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Community structure and diets of fishes associated with pelagic Sargassum and open-water habitats off North Carolina

UNCW Author/Contributor (non-UNCW co-authors, if there are any, appear on document)
Tara L. Casazza (Creator)
Institution
The University of North Carolina Wilmington (UNCW )
Web Site: http://library.uncw.edu/
Advisor
Steve Ross

Abstract: The community structure and diets of fishes inhabiting Sargassum and open water lacking Sargassum were examined off North Carolina during annual summer or fall cruises, 1999-2003. Significantly more individual fishes (n= 18,799), representing at least 80 species, were collected in samples containing Sargassum, compared to 60 species (n=2706 individuals) collected in open water. The majority of fishes collected in both habitats were juveniles, and Stephanolepis hispidus dominated both communities. Regardless of sampling time (day or night), Sargassum habitat yielded significantly higher numbers of individuals and species compared with open water collections. Overall, fishes collected in Sargassum neuston net tows were significantly larger than fishes collected in open water neuston tows. A significant positive linear relationship existed between numbers of fishes and Sargassum quantity. Underwater video recordings indicated a layering structure of fishes among and below the algae, with smaller fishes being more tightly associated with the algae than larger fishes. Additional observations from underwater video recordings included schooling behaviors of filefish, dolphinfish and jacks, and fish-jellyfish associations. The diets of the dominant fish species collected from Sargassum habitat were compared to the diets of the same species collected from open water, the diets of fishes collected during the day were compared to the diets of fishes collected at night within and across habitats, and the diets of each fish species across different size ranges were compared. Fishes collected from Sargassum consumed a higher diversity and volume of prey compared with fishes collected from open water. Fishes collected from Sargassum habitat had fewer empty stomachs than fishes collected from open water. Overall, fishes collected from Sargassum primarily consumed fishes that are closely associated with the algae (e.g., balistids, carangids, monacanthids) and endemic shrimps (Latruetes fucorum and Leander tenuicornis). In contrast, open-water fishes primarily consumed copepods and fishes from the family Exocoetidae. Comparisons between the diets of Sargassum-associated fishes and fishes collected from open water indicated several species fed similarly in both habitats. Fishes belong to one or more of three trophic groups: zooplanktivores, crustacean feeders or piscivores. Overall, fishes collected from Sargassum and open-water habitats primarily fed during the day. It appears Sargassum habitat enhances early survival of pelagic fishes by providing protection and concentrating prey resources in an otherwise nutrient poor area of the western North Atlantic Ocean. Efforts should be made to protect this unique pelagic habitat because these fishes are very closely tied to Sargasssum and may not be able to survive without Sargassum.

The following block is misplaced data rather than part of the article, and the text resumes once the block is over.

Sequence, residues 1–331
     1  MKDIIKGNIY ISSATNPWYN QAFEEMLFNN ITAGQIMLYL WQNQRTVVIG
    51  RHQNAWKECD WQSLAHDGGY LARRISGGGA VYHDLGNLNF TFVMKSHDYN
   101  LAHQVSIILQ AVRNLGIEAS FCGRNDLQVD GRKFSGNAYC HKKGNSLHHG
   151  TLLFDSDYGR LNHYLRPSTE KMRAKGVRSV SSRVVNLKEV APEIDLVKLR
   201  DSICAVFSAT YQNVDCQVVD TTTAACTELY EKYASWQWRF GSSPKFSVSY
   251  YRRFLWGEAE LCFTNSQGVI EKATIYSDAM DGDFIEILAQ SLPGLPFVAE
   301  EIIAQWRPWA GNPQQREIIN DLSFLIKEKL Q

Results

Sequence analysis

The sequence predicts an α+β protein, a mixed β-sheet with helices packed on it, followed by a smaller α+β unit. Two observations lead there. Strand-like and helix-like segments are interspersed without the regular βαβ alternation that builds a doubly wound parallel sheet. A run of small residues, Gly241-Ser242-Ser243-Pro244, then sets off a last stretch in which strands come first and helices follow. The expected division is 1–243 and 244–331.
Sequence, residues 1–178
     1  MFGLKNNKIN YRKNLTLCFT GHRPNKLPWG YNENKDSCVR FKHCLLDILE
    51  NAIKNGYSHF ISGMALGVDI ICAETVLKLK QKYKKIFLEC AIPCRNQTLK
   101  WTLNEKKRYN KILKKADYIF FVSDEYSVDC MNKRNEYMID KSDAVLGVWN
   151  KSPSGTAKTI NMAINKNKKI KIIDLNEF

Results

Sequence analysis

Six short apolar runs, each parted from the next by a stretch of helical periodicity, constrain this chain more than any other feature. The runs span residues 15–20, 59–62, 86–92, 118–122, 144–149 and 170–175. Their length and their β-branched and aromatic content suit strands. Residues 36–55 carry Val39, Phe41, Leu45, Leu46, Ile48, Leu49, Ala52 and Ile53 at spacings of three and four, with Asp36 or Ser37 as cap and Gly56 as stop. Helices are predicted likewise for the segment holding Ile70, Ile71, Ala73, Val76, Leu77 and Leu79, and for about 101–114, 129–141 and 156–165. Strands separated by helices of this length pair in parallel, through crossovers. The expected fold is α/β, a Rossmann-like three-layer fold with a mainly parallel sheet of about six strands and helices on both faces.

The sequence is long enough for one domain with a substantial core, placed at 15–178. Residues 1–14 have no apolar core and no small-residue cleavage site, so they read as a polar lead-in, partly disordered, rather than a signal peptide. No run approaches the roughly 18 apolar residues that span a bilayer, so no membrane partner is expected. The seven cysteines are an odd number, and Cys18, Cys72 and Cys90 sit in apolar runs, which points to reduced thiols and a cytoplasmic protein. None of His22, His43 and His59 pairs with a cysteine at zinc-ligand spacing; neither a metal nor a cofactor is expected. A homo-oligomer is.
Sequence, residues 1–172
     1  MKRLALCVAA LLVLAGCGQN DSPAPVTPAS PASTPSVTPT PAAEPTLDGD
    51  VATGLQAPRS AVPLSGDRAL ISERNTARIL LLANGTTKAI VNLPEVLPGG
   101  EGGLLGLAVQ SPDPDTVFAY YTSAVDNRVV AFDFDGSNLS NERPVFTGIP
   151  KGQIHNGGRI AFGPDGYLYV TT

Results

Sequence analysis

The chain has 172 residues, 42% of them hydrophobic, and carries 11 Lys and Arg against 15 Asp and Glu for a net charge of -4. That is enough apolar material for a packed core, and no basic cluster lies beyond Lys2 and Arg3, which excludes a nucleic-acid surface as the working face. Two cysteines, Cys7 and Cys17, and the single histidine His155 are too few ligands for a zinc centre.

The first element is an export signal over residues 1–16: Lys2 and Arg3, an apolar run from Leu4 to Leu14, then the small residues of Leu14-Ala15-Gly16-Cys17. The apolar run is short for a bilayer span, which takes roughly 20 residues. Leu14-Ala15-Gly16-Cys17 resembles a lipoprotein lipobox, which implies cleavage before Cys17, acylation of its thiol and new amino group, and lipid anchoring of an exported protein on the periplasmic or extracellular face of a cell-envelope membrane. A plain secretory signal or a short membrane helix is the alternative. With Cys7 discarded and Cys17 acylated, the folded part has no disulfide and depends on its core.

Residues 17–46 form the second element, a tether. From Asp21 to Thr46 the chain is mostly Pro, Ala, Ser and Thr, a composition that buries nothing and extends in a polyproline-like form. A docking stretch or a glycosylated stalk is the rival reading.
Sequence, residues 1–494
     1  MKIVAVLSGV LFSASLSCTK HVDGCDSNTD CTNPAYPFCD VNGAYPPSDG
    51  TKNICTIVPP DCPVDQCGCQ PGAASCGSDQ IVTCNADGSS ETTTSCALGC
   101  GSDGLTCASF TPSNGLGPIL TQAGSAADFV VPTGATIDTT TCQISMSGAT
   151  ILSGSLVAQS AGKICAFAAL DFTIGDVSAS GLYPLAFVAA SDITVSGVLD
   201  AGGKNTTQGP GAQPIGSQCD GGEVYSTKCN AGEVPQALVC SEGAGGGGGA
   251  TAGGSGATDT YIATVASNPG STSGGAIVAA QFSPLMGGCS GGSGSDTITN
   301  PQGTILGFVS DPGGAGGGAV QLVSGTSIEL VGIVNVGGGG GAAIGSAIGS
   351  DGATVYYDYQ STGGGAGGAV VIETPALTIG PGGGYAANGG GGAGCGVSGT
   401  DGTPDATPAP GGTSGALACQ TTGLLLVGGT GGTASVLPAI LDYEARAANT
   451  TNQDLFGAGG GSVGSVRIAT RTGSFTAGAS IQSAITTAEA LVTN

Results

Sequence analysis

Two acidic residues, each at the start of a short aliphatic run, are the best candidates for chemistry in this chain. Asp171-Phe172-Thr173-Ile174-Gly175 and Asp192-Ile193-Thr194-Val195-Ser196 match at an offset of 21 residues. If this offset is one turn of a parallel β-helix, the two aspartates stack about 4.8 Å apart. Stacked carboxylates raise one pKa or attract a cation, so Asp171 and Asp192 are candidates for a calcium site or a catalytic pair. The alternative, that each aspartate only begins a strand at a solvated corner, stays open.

Additional Information

Publication
Thesis
A Thesis Submitted to the University of North Carolina Wilmington in Partial Fulfillment of the Requirements for the Degree of Master of Science
Language: English
Date: 2009
Keywords
Fishes--Effect of habitat modification on--North Carolina, Fishes--Food--North Carolina, Marine algae, Sargassum, Sargassum--Food
Subjects
Sargassum
Marine algae
Fishes -- Effect of habitat modification on -- North Carolina
Fishes -- Food -- North Carolina
Sargassum -- Food